You might have heard of Extinction Rebellion (“E.R.”), a splashy British climate change protest group who cause all sorts of kerfuffles like protests blocking London’s streets and super-gluing their asses to the glass of the British Parliament viewers gallery. They’re the Al Qaida of the climate push minus flying planes into buildings, presumably due to the environmental costs of all that air travel and the explosions. Their methods are nearly as attention-seeking and almost as counterproductive.
They’re allied with Swedish high school truant and activist Greta Thunberg and their juvenile hooliganism is merely performative and much less useful than voting for environmental issues as your correspondent noted in a recent article. In an American context, by the way, “voting for the environment” does not mean voting for the Green Party for a variety of complicated political reasons, but rather voting solidly Democrat. Greta arrives in New York any day now by boat for a climate conference so you’ll hear more about her soon.
E.R.’s latest performative stunt calls for a “mass psychedelic protest for the decriminalization of drugs” as well as their main agenda: the climate crisis, with an emphasis on the latter. This “tripping to save the world” is the kind of thing that gives environmentalism, sane drug policy and psychedelics a bad name. They’re linked, as we’ll see.
You can see the logic (screwy as it is) if you consider a few strange facts about psychedelics noted in these pages by your correspondent. Part of that strangeness is that unlike other drugs psychedelics bend what in almost all other circumstances are stable, life long personality traits, sometimes for years. One such trait psychedelics tend to alter – one of the “Big Five” – is openness [to new experiences] and there is hard science for this happening to many users in scientific studies. It has been hypothesized that the mechanism for action therein is the connections and re-connections psychedelics form in the brain while under the influence. This involves alpha and theta waves which zip around in our heads, not the neurotransmitters psychedelics also employ.
Often resulting in an experience likened to a “childlike” state these psychedelic-formed connections force a re-examination of the world mimicking, later in life, the way we make sense of things when we’re very young. Thus, the tripper sees things anew. The point of E.R.”s action is presumably to “re-set” mass consciousness and political opinions to being more open to the implications of climate change.
Another thing E.R. is perhaps hoping to profit from is a weird but well-documented phenomenon wherein studies so many participants reported “an increased appreciation of nature” after taking psychedelics that researchers started including it in their questionnaires. Its an inexplicable phenomenon since the neural co-relates of “appreciation of nature” isn’t really nailed down which is probably why the questions weren’t asked in the first place. One possibility is that nature is beautiful to the human senses and psychedelics tend to enhance our experience of beauty: simple as that.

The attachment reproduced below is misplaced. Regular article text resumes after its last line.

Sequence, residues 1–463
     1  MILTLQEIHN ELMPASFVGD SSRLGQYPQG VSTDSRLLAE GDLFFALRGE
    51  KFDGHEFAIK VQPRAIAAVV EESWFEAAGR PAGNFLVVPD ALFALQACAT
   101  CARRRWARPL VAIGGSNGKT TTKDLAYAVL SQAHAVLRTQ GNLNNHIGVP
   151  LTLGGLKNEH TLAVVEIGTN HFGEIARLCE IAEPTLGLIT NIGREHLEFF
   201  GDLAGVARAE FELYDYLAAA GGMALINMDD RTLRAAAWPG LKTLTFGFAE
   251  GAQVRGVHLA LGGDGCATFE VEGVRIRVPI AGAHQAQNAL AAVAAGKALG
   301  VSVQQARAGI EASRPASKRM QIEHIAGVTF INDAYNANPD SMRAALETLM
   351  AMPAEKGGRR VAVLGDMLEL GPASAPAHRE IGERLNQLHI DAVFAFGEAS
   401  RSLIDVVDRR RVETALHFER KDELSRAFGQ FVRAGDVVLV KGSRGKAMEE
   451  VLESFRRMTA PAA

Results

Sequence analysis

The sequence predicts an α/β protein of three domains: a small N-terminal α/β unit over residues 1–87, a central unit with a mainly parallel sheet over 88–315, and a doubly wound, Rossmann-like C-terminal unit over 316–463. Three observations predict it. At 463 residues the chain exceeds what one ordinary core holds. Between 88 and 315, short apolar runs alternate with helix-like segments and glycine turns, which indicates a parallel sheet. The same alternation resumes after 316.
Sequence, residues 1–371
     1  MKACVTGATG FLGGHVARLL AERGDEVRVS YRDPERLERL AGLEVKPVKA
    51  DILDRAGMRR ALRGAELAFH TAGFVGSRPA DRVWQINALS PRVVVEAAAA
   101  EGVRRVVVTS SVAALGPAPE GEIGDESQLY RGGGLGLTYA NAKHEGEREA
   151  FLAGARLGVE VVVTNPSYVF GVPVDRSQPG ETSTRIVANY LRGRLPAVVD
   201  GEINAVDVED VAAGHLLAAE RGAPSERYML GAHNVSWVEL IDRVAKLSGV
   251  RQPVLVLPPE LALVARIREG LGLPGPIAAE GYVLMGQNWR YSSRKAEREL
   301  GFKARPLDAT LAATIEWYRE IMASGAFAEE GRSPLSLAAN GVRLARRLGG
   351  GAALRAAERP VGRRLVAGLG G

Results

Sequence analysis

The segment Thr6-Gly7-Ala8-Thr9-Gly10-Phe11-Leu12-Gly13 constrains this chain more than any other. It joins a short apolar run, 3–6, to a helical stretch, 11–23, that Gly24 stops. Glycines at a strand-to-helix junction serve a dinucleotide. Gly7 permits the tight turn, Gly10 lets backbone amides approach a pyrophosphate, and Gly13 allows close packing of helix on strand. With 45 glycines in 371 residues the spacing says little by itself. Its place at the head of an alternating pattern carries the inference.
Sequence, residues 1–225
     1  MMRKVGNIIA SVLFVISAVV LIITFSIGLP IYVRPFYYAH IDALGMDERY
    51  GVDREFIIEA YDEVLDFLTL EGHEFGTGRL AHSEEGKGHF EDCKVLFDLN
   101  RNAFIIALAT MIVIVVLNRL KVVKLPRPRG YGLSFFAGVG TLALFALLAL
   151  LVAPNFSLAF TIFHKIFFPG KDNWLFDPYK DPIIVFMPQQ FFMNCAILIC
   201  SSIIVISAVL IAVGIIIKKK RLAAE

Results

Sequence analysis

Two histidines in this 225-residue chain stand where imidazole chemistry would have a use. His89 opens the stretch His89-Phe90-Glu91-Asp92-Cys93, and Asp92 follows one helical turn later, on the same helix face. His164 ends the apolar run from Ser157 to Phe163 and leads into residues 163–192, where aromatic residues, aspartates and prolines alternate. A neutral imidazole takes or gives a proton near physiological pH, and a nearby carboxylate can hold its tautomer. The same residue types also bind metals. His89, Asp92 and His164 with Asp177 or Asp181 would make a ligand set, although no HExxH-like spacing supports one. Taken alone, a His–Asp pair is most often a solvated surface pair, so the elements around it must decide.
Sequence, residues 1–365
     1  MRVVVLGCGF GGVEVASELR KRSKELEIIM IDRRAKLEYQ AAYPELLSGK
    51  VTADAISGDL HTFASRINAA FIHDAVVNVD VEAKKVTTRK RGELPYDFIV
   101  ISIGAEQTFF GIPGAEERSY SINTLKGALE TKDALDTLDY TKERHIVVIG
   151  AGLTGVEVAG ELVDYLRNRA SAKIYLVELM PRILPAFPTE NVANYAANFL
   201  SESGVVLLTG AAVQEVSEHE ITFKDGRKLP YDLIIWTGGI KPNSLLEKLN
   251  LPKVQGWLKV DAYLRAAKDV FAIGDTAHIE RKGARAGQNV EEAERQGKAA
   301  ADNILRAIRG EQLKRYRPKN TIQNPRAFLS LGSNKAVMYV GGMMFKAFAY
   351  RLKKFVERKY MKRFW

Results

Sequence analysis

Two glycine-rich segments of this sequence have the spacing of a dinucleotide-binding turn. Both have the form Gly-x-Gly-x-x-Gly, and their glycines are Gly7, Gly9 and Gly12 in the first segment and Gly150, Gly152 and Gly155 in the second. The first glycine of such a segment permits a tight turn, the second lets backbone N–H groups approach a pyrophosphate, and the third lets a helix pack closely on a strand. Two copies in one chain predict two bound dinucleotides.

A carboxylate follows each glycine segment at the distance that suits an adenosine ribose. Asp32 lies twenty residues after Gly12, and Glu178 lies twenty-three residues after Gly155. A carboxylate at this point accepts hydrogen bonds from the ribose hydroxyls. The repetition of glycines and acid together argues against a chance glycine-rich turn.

This fits, in a weird way, when you consider the “hippy” experience of the 1960s where ecological awareness went hand in hand with the psychedelic lifestyle. Earth Day’s founding in 1970 and the environmental movement owe much to the popularization of LSD in the 1960s and anecdotally many recreational users of LSD and psilocybin will chat on and on (and on) about the wonders of nature, post-trip.
The problems with E.R.’s scheme of “mass psychedelic protest” are manifold, however. A shared appreciation of nature and a slightly more open mind do not in any way suggest that that appreciation will lead to any pro-environmental action. Stunning as a forest or beach can be while tripping, it doesn’t move the electoral needle one iota.
Further, with several thousand legitimate scientific studies performed before 1970 and in the last decade the field of psychedelic medicine is a serious business which has the potential to revolutionize the way we treat mental illness: to have it co-opted by a fringe and fanatic cult of “greenism” can only serve to tarnish legitimate research and even damage public opinion regarding citizens’ peaceful psychedelic recreation. Its the “with friends like these” argument which also holds for Alexandria Ocasio Cortez’s (AOC) recent positive comments about psychedelics: great at first blush but such divisive proponents don’t do a cause much good in the big picture.
Further, a large percentage of E.R.’s fanatic minions are minors, a fact which makes a lot of sense as young people with their half-formed prefrontal cortices have an immature sense of proportion and little common sense: just like E.R. Psychedelic drugs are most assuredly not for children so E.R.’s plan has disaster for everybody written all over it.
So as well as inconveniencing the middle class of London by pointless and counter-productive protests, engaging in emotional blackmail by putting weirdly fierce, mentally fragile moppet Greta Thunberg out front of their sideshow, this wildly self-indulgent mass psychedelic protest is the new nadir from E.R. The climate crisis is real – stunts like this can only damage the acceptance of psychedelic medicine as well as the climate crisis.